If the story ended there we wouldn't be talking about it today.  Paul took Silas and continued his missionary work.  Barnabas took Mark and they began a different missionary journey.  Whatever happened in the ensuing years, Mark proved himself trustworthy in spite of his earlier failure.  By the end of his life we hear Paul giving him a recommendation: "Get Mark and bring him with you; for he is very useful in serving me," (2 Tim. 4:11). We also hear St. Peter referring to Mark as his son in the faith (1 Pet. 5:13).  Tradition says that Mark was the spokesman for Peter and that his gospel is probably from Peter's point of view.  Mark is credited with having laid the foundation for the Church in Alexandria. 

As I said, Mark is an inspiration to me.  I have failed the Lord more times than I care to think about.  Some of those failures have been public and earned me some bad feelings on the part of others.  But I know that if I continue to remain faithful that God will erase my failures and provide opportunities to serve Him that have the potential of leaving something for eternity. 

Regardless of where you find yourself on this feastday of St. Mark, whether a victor or a failure, take heart as you consider the example of St. Mark.  Nothing is impossible with God if we will be faithful to what He has called us to do, even if the person speaking against us happens to be a St. Paul.

Friday, April 13, 2012

Our Cross

I am becoming a fan of St. John Cassian. I offer the following selection from Day By Day With The Early Church Fathers, entitled Our Cross as a reason why:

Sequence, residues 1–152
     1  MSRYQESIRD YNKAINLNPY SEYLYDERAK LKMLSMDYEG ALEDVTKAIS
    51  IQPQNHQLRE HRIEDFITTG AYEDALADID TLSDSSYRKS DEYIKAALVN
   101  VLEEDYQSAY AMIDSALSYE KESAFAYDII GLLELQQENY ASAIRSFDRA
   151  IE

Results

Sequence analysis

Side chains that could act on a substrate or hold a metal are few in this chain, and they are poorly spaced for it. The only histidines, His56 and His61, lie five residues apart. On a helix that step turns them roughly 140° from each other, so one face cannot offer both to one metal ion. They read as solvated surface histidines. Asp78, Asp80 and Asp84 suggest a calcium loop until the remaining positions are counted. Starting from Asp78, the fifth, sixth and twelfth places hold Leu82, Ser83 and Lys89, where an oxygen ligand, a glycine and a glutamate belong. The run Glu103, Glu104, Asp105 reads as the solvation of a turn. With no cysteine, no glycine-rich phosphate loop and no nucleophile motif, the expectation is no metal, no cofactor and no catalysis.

The fear of the Lord is our cross. Those who are crucified no longer have the power to move or turn their limbs in any direction they please. Similarly, we shouldn't fix our wishes and desires on what pleases and delights us now, but according to how the Law of the Lord constrains us. Those who are fastened to the wood of the cross no longer consider present things or think about their preferences. They aren't distracted by anxiety and care for tomorrow and aren't disturbed by the desire for any possession. They aren't inflamed by pride, strife, or rivalry. They don't grieve during present pain and don't remember past injuries. For while they are still breathing in the body, they consider themselves dead to every earthly thing. Instead, they send the thoughts of their heart ahead to where they know they will shortly follow. So when we are crucified by fear of the Lord, we should definitely be dead to all these things. That is, we shouldn't only die to wickedness, but also to every earthly thing. We should fix the eye of our minds onto the place we constantly hope to reach. For in this way we can destroy all our desires and fleshly affections.

Taken from Institutes 4.35

Wednesday, April 4, 2012

Some Thoughts on the Eve of the Triduum

The holiest season of the Church draws near. Holy Thursday, Good Friday, and Holy Saturday are known as the Easter Triduum. I believe that the degree we enter into the joy of Easter is directly related to the degree that we really live through the Triduum.

On Holy Thursday we recall the Last Supper in which our Lord inaugurated both the priesthood and the Eucharist. But it was also the night of His betrayal. All of His disciples, save John, left Him. From a strictly objective viewpoint it would appear that all He taught and worked for was now lost. Holy Thursday brings tragedy, confusion, doubt, and despair. How can God's plans truly succeed when we find ourselves in such circumstances?